Wednesday, May 20, 2015

Q&A with Andrea Gillies

Andrea Gillies is the author of the new novel The Enlightenment of Nina Findlay. She also has written the novel The White Lie and the memoir Keeper. She lives in Edinburgh, Scotland.

Q: How did you come up with your main character, Nina, and why did you decide to involve her in a triangular dynamic with two brothers?

A: The origin of fictional characters in the head of writers is a genuine mystery. Who is Nina Findlay and where did she come from?

There must have been an encounter with a skinny Nordic girl with plaits, at some point in my life - or perhaps it was [Nina’s mother] Anna I met, or saw in a magazine, or stood behind in an airport queue, and subconsciously banked her in imagination for later. I have no conscious origin for either of the women.

But I suppose one of the things that interested me, when I decided I wanted to write about a midlife meltdown, was how people are often misled by beauty, and make assumptions about it.

I say at one point, about Anna, that people had always misinterpreted her blondness, her cornflower blue eyes, her easy-tanning skin, with summer and with lightness of spirit, and I was interested in how a tortured frustrated soul might lurk unseen behind those eyes.

I find it hard to separate Anna and Nina in my mind; to me they're very much a pair, the same and yet starkly different. I was interested in how Nina might feel she had inherited her mother's soul and temperament, despite evidence to the contrary, simply because they looked almost identical, and how she might wrestle with that.

Once I had Nina and Anna, I needed some dynamic in Nina's childhood that would divide them later: Nina's enlightenment is as much about her mother as about herself, after all.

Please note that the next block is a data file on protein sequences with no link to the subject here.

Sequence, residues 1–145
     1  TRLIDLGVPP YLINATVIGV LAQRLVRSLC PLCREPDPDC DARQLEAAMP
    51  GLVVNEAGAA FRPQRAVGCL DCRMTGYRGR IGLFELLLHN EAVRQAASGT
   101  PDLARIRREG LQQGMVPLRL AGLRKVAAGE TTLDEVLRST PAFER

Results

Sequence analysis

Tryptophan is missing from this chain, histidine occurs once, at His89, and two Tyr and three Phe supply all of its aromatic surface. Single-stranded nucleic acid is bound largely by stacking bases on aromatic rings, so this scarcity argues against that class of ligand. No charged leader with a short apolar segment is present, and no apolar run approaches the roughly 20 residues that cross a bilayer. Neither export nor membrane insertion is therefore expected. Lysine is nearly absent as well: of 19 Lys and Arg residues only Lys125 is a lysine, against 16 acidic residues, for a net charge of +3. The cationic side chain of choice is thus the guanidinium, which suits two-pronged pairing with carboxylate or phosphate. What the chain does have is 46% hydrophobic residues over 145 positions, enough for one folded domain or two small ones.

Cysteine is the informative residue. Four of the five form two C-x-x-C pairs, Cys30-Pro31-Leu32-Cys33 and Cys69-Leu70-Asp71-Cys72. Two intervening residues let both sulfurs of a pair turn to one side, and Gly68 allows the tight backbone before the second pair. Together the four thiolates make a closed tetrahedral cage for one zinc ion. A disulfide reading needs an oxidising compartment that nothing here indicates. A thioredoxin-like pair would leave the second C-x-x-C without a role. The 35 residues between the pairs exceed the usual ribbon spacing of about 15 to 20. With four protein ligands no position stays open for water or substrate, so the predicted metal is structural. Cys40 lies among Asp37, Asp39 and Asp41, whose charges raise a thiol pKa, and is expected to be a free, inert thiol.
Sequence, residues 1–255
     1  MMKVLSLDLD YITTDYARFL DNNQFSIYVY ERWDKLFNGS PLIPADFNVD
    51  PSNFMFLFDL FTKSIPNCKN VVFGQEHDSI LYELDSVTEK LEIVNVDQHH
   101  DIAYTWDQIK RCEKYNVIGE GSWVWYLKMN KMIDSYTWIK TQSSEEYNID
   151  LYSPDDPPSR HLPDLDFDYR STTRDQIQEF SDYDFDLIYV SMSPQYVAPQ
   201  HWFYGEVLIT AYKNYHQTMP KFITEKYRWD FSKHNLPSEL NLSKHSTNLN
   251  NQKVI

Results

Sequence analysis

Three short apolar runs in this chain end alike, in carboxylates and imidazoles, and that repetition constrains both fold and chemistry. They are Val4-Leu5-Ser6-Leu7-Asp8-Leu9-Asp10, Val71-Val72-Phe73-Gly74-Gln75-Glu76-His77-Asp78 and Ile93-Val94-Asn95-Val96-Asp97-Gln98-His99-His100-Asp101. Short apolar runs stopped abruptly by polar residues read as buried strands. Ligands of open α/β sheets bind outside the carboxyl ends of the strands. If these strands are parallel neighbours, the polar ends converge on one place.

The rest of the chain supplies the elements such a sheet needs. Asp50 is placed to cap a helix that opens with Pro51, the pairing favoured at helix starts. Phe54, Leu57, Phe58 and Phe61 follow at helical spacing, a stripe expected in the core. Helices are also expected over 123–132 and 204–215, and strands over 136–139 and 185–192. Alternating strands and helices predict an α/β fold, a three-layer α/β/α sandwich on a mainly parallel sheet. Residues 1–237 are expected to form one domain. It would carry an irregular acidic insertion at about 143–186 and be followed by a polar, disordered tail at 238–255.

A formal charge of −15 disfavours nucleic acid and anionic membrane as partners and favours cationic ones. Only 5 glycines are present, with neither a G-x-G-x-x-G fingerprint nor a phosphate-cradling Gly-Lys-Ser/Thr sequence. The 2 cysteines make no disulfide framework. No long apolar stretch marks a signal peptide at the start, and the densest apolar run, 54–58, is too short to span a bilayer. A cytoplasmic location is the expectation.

It came to me that Anna was covertly unhappily married and flirtatious with other men (and boys!) as a way of shoring up her own esteem, and that Nina's enlightenment would be partly about seeing that in a new way.

A little bit of autobiography comes in at this point - in the 1970s in my Yorkshire village (a similar one to Nina's own) we lived in the big square starkly modern house with the nine paned vast window. It's my childhood home, so was easy to write about, and to feel, and to see.

The boys next door were imaginary (sadly!) but the triangle dynamic seemed an ideal way of Nina learning about herself - very belatedly - and learning that her mother's advice was toxically wrong in some ways - in its theoretical basis - but at the same time, essentially right.

I was attracted to that tangle. Tangled relationships are always interesting.  (I write about this character-invention process as if it were rational and conscious but in fact the characters and the scenario came to me quickly and in flashes like cinema, playing out in my head, as they always do when I'm about to write a book. It's more instinctive than planned).

Q: Much of the book takes place on a Greek island. Why did you choose that as one of the novel’s important settings?

A: The island is based on the tiny island of Antiparos, in the Cyclades island group in Greece, where my ex-husband and I spent a happy, lazy month in 1987, two years before marrying.

The island in the book is based on my (probably very faulty) memories of the island, with added fictional elements - there was no modernist white hospital on the shore, for instance. The island of the novel superimposed itself on the island of memory.

I don't think there's a high top village on Antiparos, with a winding road leading up to it: that invented itself, spooling ink onto the map, because it was needed as the ideal place to make a big decision, and to look down on the perfect little world laid out below.

The more I think about it, the more obviously fictional this island becomes. I haven't been back, since 1987, although after my divorce I thought about returning.

But then I began to imagine how difficult it might be to be unhappy there. The rising panic Nina feels when she returns on her own, having just separated from Paolo, is exactly how I feared I would feel. 

On a more prosaic level, I needed somewhere for Nina to run to, that was absolutely opposite to her home territory. Many of us fantasise about the ease and self-invention of a new life of simplicity in an old-fashioned society like the island.

I know from experience (although in my case, it was two years spent living in rural France) that the fantasy often fails to live up to the reality.